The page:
There's been some really good stuff out on the 7" Singles Club. How did that come about?
That was this guy Kurt Midness, that was his brainchild. He built it over the years. He plays in a band called Black Bananas, and he has really good taste in music. It's become really respected and renowned, and it's something we're all very proud of. Everything from making the records, to designing them, to curating the release - he's done all that stuff.
How independently does the Volcom label operate from the Volcom clothes brand? Do you pass each other in the corridor?
Oh, absolutely. We're all in the same building. Our office is smack dab in the middle of the creative area of the building. It's a pretty large building, and there's a lot of people, but from a company standpoint we are actually a separate company within the corporation. From a marketing standpoint, and a branding standpoint, it all works together hand in hand. To them, we're a component of marketing; and to us we're a label to our artists. It all flows. We have our own autonomy over the label. Honestly man, Volcom is a really great place to work. They foster everybody's creativity and talent. They give you the room to do your thing and to experiment, and I think that's what makes the brand successful overall. I think you can see in the stuff that comes out of Volcom that they really appreciate art.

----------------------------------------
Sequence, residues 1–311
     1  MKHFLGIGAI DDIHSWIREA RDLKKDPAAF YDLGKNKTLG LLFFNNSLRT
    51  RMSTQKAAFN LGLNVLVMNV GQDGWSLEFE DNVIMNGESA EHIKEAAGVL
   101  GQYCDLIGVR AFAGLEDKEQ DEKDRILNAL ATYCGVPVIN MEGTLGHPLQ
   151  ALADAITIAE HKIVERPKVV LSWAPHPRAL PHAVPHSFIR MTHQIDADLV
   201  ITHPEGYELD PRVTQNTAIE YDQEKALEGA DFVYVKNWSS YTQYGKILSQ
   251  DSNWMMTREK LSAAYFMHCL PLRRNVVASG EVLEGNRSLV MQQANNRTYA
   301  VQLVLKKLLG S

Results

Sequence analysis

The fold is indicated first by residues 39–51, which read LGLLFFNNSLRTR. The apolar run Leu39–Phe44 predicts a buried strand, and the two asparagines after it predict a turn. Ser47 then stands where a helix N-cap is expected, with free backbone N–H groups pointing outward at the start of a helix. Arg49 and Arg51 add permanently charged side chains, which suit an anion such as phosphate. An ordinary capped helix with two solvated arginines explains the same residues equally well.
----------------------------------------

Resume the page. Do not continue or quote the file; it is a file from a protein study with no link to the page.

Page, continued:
What have your personal highlights been, as far as music that you've released?
Jeez, there's a lot. Like I said, the bulk of our roster has really been here as long as I've been here. Riverboat Gamblers and Valient Thorr and all those things. Really, the highlight is just seeing them all grow! In 2004 Valient Thorr was just an obscure, weird little band from the southern part of the US, with a loud voice and a crazy look, you know? But seeing them develop, into a band that's toured the world, and is known all over the world, that's a big highlight! I think the whole thing is a highlight!
Cool. What can we expect from the label in 2013?
We're gonna continue along with the Turbonegro record, and the relationship there. That's been a relationship that the brand has had for a long time, but we never had the opportunity to do records with them until recently so we're very happy about that. They've got the fascinating twenty year history so we're really happy to be working with them. That, and Valient Thorr are going to be releasing a new record in the summertime. They'll be touring all over the world. Then we've got some new bands. There's a young band from Orange County called the Lovely Bad Things; their first full length is coming up in February. Out of New York we have a young bunch of guys called The Dirty Fences, and we're doing their first full length this year too. So we have our long-term artists that we're continuing to work with, then we've got some talent that's coming up. It's a really nice mix.
Check the Volcom Entertainment website for a cubic assload of cool shit.